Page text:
If the scent of Christmas is pine, the taste of Christmas is almond roca. Growing up, Grandma Millie would fill round cookie tins with her signature dessert every December. The toffee: buttery, sweet, crunchy; the almonds: perfectly roasted, immersed in the toffee, and dusting the top. Divine is the only word to describe this treat.
Grandma Millie passed away over a decade ago. I miss her, I wish my children could have known her. Fortunately, she taught me the art of almond roca and I'm committed to carrying on the family tradition. Her secret to success: boil the butter and sugar until they are Cocker Spaniel brown. Cocker Spaniel brown—poetic, romantic instructions that resulted in too many messed up batches to count (I clearly didn't inherit her 6th sense). Don't be fooled by the short list of ingredients: this dessert is a veritable science experiment and anyone but Millie will need a candy thermometer.
GRANDMA MILLIE'S ALMOND ROCA
- 2 sticks unsalted butter
- 1 cup white sugar
- 2 Tablespoons water
- 1 teaspoon salt
- about 2 cups of almonds, roasted and chopped
- 1-2 Hershey's chocolate bars
Put the butter, sugar, water, and salt in a medium-sized saucepan over medium heat. Lightly boil and stir often with a wooden spoon. Once the ingredients have melted and combined, position the candy thermometer on the edge of the pot. Continue cooking and stirring until the mixture reaches a temperature of 150°C. This will take about 10-15 minutes, during which time you will watch the candy mixture change from light yellow to Cocker Spaniel brown.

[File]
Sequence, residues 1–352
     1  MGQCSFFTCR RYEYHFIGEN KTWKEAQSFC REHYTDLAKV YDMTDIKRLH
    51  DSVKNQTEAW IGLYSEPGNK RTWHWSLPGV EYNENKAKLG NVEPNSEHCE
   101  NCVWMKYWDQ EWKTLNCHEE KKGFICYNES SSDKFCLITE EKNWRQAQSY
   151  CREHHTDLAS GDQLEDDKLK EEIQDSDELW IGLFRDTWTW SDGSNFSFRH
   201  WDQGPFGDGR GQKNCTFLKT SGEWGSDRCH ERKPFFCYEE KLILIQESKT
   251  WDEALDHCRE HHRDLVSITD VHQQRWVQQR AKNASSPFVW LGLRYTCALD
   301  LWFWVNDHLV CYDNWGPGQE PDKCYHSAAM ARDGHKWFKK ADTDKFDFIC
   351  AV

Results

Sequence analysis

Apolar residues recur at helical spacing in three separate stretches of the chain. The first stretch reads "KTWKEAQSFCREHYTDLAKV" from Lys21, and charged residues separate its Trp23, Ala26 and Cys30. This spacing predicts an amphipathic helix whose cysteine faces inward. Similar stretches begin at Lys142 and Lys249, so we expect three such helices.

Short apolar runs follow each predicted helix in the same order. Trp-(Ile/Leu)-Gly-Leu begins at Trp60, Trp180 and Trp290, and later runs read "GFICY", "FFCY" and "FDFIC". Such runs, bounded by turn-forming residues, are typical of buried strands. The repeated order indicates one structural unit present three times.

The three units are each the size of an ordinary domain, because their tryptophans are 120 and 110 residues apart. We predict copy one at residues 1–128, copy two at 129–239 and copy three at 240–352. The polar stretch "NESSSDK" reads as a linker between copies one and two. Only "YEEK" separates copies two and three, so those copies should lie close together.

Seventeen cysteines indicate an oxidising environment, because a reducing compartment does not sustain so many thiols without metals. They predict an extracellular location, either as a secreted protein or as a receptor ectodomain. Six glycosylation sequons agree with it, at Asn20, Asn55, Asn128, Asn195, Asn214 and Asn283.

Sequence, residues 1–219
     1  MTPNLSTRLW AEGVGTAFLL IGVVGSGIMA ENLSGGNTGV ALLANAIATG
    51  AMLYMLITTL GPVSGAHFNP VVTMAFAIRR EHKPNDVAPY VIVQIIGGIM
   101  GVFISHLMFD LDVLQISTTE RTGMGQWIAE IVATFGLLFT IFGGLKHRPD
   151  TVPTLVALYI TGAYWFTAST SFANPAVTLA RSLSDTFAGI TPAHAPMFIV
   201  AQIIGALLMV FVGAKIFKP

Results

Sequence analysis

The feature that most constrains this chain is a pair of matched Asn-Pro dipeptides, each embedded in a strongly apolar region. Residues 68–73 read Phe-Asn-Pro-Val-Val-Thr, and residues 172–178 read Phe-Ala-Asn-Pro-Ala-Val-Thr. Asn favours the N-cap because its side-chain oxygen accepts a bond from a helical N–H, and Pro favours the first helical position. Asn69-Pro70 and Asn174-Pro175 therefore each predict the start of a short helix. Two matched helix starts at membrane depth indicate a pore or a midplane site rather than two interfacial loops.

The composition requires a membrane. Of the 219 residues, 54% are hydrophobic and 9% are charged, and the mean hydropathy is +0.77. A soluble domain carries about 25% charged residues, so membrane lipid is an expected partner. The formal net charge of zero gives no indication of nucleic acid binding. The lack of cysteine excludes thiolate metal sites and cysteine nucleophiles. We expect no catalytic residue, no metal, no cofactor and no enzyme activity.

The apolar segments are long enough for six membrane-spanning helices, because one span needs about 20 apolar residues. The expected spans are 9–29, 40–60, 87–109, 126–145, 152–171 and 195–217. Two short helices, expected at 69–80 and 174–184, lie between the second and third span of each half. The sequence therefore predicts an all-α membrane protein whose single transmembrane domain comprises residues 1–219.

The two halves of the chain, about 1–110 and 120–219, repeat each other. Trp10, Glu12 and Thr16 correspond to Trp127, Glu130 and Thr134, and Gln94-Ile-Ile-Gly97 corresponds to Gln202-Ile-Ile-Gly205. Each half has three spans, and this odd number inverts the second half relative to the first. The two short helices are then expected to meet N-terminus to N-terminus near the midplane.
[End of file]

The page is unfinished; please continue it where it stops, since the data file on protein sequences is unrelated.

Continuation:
While the candy cooks, spread a layer of chopped almonds onto a baking sheet—the more almonds the better, in my opinion. When the candy reaches 150°C, immediately remove it from the heat and pour it over the almonds onto the cookie sheet, making a rough oval. Use a silicone spatula to scrape all the candy from the pot and push the candy around to fill in gaps on your baking sheet. You don't need to cover all the almonds, whatever doesn't become part of the toffee can be used on top of the almond roca.
Unwrap your chocolate and separate into squares; gently lay the chocolate squares on top of the hot candy. (Use anywhere from 1 to 1.5 chocolate bars, all depends on how thick of a chocolate layer you'd like.) After a few minutes, the heat from the candy will melt the chocolate; at this point, use the spatula to spread the chocolate into a thin, even layer over the candy. Generously sprinkle the chocolate layer with chopped almonds—I especially like covering the top with almond dust. Gently press the almonds into the chocolate with your hand.
Let the sheet of almond roca cool. To speed up the process, cover and place in the fridge or freezer. Once cooled, lift from the cookie sheet, break into pieces, and store in an air-tight container. I like to keep mine in the fridge, I find it stays crunchier that way.
Bon Appétit and Happy Holidays! (p.s. This makes a great gift.)
Warnings & Tips:
- You might mess up a batch. Be very patient and precise with the boiling. If you don't boil the candy long enough, it won't harden. If you boil the candy too long, the butter and sugar will separate and the batch will be ruined. This truly is a science and you should celebrate if you nail your first batch.
- I like to put roughly chopped almonds on the cookie sheet, and finely chopped almonds on top of the chocolate.
- Almond roca has an especially addictive quality. At least there's protein in it!